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EA CEO says stock dip "makes absolutely no sense"

Riccitiello believes that now is the best time for aggressive investors

EA's stock recently hit a 52-week low of $11.28 per share, but CEO John Riccitiello has no idea why the company is being hit so hard in the market this year. In an interview with CNBC's Julia Boorstin, Riccitiello explained that investors are confused about the industry's current transitionary period.

"After many years of stellar growth, we more recently got into a place where I think investors are having a hard time understanding where growth in the industry is coming from. We're at a point where the new console generation has not yet been fully announced, so people don't know what's coming there," said Riccitiello.

"And they're unclear about ongoing growth in the Facebook platform for gaming and mobile. So we're sort of in a transition period from an investor perspective."

"It makes absolutely no sense to me, but fair and unfair doesn't have anything to do with it when it comes to a stock. There is a perception among investors that the game industry is tough to invest in right now. They're looking for the winners and they're looking for the catalysts. I think those will take place over the next twelve months," he added.

When asked about flagging NPD numbers, Riccitiello said it had little to do with the company's current business.

"Investors and the analysts that cover the industry have a history of focusing on NPD. Just five years ago, people said that the PC business was in a radical state of decline because NPD said it was down 10 percent, 20 percent, 30 percent, year-in and year-out. The fastest growing platform for video games today is the PC, but it's growing through subscription, through microtransactions, through download," he explained.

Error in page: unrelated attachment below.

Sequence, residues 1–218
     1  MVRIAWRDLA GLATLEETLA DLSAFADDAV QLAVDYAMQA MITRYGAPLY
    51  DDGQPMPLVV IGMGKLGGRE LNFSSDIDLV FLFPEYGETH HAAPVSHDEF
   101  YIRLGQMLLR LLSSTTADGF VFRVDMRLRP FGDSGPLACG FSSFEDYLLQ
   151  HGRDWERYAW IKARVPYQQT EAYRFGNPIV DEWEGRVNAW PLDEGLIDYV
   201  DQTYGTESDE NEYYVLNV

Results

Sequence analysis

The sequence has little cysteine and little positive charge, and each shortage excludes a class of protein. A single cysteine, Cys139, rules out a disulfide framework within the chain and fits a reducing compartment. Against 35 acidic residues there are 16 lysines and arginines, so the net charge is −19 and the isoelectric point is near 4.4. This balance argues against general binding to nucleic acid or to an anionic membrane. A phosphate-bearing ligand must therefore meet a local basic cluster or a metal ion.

"Publishers like us are able to grow because we're transforming the way we deliver products to the consumer. What's making it hard for investors to see through how to invest the game industry is they're reading NPD, which is just the disc. We've got 40 percent growth on our digital business. Investors are looking at things like NPD, and they can't square that with their understanding of the business. Aggressive investors right now have a great opportunity."

Riccitiello also disagreed with the idea that it's easy to jump into mobile and social spaces. He agrees that user acquisition is the most difficult part of existing in the space.

EA brings brands like FIFA to hungry mobile audiences.

"I would argue that that's one of the worst thoughts I've seen in the gaming industry. Yes, it costs less to produce a game for a social platform or mobile. It costs vastly more to find an audience," he said.

"When you've got 10,000 applications going up on a mobile network, standing out in that crowd is incredibly hard. If you don't have the network power of an EA or Zynga on social, it's virtually impossible for a consumer to find the product. Ditto with mobile. What we have is the benefit of brands like Madden, FIFA, Battlefield, Medal of Honor, and Need for Speed."

The full fifteen-minute video interview with Riciitiello can be found over at CNBC.

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Mike Williams avatar
Mike Williams: M.H. Williams is new to the journalism game, but he's been a gamer since the NES first graced American shores. Third-person action-adventure games are his personal poison: Uncharted, Infamous, and Assassin's Creed just to name a few. If you see him around a convention, he's not hard to spot: Black guy, glasses, and a tie.
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